5. 76 FR 19314 - Hood/Willamette Resource Advisory Committee; Meeting

    Federal Register 2010, 2011, 2012, 2013, 2014

    2011-04-07

    ... Forest Service Hood/Willamette Resource Advisory Committee; Meeting AGENCY: Forest Service, USDA. ACTION: Notice of meeting. SUMMARY: The Hood/Willamette Resource Advisory Committee will meet in Salem, Oregon... Connie Athman, Mt. Hood National Forest, 16400 Champion Way, Sandy, Oregon 97055. Comments may also...

  6. 75 FR 21220 - Hood/Willamette Resource Advisory Committee (RAC)

    Federal Register 2010, 2011, 2012, 2013, 2014

    2010-04-23

    ... Forest Service Hood/Willamette Resource Advisory Committee (RAC) AGENCY: Forest Service, USDA. ACTION: Action of meeting. SUMMARY: The Hood/Willamette Resource Advisory Committee (RAC) will meet on Tuesday... meeting, contact Connie Athman; Mt. Hood National Forest; 16400 Champion Way; Sandy, Oregon 97055;...

  7. 76 FR 53114 - Hood/Willamette Resource Advisory Committee

    Federal Register 2010, 2011, 2012, 2013, 2014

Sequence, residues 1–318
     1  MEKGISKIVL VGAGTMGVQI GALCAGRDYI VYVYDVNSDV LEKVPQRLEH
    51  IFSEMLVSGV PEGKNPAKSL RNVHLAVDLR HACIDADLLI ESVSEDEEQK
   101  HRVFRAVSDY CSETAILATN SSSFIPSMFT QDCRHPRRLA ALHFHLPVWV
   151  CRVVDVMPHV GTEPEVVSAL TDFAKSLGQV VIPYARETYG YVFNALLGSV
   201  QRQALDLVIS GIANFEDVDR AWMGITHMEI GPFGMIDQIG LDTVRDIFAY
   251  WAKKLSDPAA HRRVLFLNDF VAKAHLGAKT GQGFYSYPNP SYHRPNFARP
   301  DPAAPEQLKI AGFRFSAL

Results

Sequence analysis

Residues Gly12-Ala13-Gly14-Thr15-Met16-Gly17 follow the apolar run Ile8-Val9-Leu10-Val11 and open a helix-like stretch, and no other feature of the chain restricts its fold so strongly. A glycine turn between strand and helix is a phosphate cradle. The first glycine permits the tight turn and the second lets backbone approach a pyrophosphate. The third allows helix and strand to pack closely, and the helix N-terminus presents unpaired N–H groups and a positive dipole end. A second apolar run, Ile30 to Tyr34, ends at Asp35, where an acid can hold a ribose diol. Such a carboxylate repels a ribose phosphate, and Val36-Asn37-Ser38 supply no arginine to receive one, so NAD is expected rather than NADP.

2011-08-25

    ... Forest Service Hood/Willamette Resource Advisory Committee AGENCY: Forest Service, USDA. ACTION: Notice of meeting. SUMMARY: The Hood/Willamette Resource Advisory Committee will meet in Sandy, Oregon. The... September 26, 2011, and begin at 10 a.m ADDRESSES: The meeting will be held at Mt. Hood National...

  8. 75 FR 18144 - Hood/Willamette Resource Advisory Committee (RAC)

    Federal Register 2010, 2011, 2012, 2013, 2014

    2010-04-09

    ...; ] DEPARTMENT OF AGRICULTURE Hood/Willamette Resource Advisory Committee (RAC) AGENCY: Forest Service, USDA. ACTION: Notice of meeting. SUMMARY: The Hood/Willamette Resource Advisory Committee (RAC) will meet on... INFORMATION CONTACT: For more information regarding this meeting, contact Connie Athman; Mt. Hood...

  9. 77 FR 50676 - Hood/Willamette Resource Advisory Committee

    Federal Register 2010, 2011, 2012, 2013, 2014

    2012-08-22

    ... Forest Service Hood/Willamette Resource Advisory Committee AGENCY: Forest Service, USDA. ACTION: Notice of meeting. SUMMARY: The Hood/Willamette Resource Advisory Committee will meet in Salem, Oregon. The... for public inspection and copying. The public may inspect comments received at Mt. Hood...